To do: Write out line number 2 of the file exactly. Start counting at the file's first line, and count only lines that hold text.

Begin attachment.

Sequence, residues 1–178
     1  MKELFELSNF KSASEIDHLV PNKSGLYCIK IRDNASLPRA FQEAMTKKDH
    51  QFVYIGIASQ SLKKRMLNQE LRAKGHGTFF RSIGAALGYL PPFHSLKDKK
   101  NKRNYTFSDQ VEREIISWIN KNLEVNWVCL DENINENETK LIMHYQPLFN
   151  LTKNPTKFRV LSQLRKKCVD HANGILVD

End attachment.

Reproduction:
     1  MKELFELSNF KSASEIDHLV PNKSGLYCIK IRDNASLPRA FQEAMTKKDH